MOSES HA-DARSHAN (11th century), scholar and aggadist of Narbonne. Moses was the teacher of *Nathan b. Jehiel of Rome, who quotes him in the Arukh, sometimes anonymously.Jacob *Tam in Sefer ha-Yashar (part of responsa ed. by F. Rosenthal (1898), 189f. no. 46:4) considers him, together with his brother Levi, and Joseph *Bonfils, among the early leaders of French Jewry. Moses is chiefly renowned for his contribution to midrashic literature. Rashi in his commentaries on Scripture, especially on the Pentateuch, frequently quotes from Moses ha-Darshan's Yesod, which was apparently a book of scriptural expositions, consisting chiefly of the exegesis of words and midrashic sayings. It is not known whether the work also embraced the rest of the Bible. For many years the Genesis Rabbah by Moses ha-Darshan, frequently quoted by Raymond *Martini in his polemic work Pugio Fidei, constituted a unique problem. No book of that name was known to scholars in previous centuries. Isaac *Abrabanel, for one, stated in his Yeshu'ot Meshiḥo that he did not know of such a book and suspected it to be a forgery. Only recently has it become evident that the early authorities did indeed know a midrashic anthology by Moses ha-Darshan, or at least one emanating from his school, and that this extensive anthology was the basis of the Midrash called *Genesis Rabbati, which was apparently adapted and abridged from the work of Moses. In this Midrash, Moses based himself entirely upon *Genesis Rabbah, but drew upon his vast store of knowledge and remarkable creative ability to develop and enlarge the central ideas of the source by comparing them with other verses and passages, and connecting them with homilies occurring elsewhere. Moses made abundant use of the Mishnah, the Talmud (chiefly the Babylonian), the Midrashei Rabbah and Tanḥuma, the Pesikta, Pirkei de-Rabbi Eliezer, and others.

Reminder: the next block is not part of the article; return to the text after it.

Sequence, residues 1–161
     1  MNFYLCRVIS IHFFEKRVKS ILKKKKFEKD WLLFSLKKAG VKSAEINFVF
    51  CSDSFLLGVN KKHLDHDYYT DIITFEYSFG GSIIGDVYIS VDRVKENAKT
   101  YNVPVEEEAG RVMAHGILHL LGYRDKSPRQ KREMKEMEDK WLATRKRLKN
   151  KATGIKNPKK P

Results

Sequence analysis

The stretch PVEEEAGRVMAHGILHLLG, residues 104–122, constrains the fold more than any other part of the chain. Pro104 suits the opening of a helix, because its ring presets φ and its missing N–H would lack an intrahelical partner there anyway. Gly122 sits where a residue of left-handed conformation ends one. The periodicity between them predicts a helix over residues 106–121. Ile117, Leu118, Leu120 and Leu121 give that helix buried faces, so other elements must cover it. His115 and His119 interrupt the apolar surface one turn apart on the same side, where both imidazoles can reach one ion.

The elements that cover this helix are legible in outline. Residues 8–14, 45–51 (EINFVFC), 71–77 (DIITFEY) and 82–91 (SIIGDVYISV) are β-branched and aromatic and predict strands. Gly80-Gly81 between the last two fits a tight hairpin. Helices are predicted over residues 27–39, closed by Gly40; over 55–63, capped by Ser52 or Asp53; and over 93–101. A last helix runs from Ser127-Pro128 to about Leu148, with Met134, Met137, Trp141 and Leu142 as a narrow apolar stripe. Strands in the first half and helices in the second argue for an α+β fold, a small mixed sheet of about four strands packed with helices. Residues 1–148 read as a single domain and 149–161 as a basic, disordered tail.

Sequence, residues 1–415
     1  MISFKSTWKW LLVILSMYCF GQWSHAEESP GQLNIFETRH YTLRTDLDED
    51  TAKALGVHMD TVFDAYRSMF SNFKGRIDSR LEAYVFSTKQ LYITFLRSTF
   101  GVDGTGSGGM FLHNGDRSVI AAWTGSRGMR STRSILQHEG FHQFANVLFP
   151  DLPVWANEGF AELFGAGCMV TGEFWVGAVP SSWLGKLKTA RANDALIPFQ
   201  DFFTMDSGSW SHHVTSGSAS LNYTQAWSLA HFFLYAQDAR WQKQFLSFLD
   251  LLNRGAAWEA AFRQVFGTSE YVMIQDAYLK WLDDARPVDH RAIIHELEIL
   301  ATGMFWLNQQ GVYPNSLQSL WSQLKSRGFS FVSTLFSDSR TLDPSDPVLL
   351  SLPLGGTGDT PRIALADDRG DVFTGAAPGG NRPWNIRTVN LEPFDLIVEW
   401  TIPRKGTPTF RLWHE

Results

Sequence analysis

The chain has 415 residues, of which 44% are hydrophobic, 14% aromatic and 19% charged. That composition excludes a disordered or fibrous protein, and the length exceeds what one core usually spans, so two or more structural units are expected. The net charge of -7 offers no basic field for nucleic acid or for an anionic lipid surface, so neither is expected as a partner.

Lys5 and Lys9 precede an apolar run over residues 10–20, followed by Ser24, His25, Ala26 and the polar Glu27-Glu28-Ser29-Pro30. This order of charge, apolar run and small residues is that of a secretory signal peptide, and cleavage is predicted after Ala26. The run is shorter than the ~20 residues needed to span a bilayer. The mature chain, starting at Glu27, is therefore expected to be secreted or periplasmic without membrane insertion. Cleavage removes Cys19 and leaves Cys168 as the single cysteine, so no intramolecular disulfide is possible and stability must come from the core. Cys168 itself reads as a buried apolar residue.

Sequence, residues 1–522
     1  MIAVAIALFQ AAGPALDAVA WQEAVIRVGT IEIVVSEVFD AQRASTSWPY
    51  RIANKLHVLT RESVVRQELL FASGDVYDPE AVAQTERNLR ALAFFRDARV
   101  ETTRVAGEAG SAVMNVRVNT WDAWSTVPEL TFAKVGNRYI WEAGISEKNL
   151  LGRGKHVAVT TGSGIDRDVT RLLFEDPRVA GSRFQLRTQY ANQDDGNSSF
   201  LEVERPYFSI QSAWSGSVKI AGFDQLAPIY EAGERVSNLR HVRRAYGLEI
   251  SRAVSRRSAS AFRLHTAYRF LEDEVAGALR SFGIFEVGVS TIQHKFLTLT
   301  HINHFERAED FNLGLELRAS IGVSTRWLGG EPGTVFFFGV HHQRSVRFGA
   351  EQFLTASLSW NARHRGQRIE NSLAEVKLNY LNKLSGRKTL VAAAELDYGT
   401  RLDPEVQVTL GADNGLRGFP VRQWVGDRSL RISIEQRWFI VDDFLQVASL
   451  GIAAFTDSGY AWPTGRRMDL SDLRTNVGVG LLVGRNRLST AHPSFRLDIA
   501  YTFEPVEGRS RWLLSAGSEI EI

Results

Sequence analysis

There is ground for the suggestion that the portions Ba-Midbar and Naso in *Numbers Rabbah, as well as the midrashic anthology called Midrash Aggadah (ed. by S. Buber, 1894), largely emanate from the bet-midrash of Moses ha-Darshan. One unique characteristic of Moses' midrashic work is his use of the aggadot embedded in the *Apocrypha, such as Jubilees, Enoch, The Testament of the Twelve Patriarchs, and others, of which he possessed an improved Hebrew text. He also drew upon the collected Midrashim of his predecessors compiled from the Apocryphal literature, particularly from Midrash Tadshe (see Smaller *Midrashim) which, with its proem, was ascribed by Moses to the tanna, *Phinehas b. Jair. Some wish to ascribe to Moses several other extant minor Midrashim, on the basis of their similarity to his known work. In addition to citation in Rashi and Nathan b. Jehiel, the work was extensively quoted by Tobiah b. Eliezer in his midrashic collection, *Lekah Tov; Menaḥem b. Solomon, in his anthology, Sekhel Tov; and, very much later by Abraham *Saba in his Ẓeror ha-Mor.
A. Epstein, Mi-Kadmoniyyot ha-Yehudim, 1 (1887), i–xiv; idem, Moshe ha-Darshan mi-Narbonah (1891); Kitvei R. Avraham Epstein, 1 (1950), 215–44; S. Lieberman, Sheki'in (1939), 52ff.; Zunz-Albeck, Derashot, 144f.; S. Buber (ed.), Midrash Aggadah, 1 (1894), introd.; Ḥ. Albeck (ed.), Bereshit Rabbati (1940), introd. 1–36.
[Israel Moses Ta-Shma]
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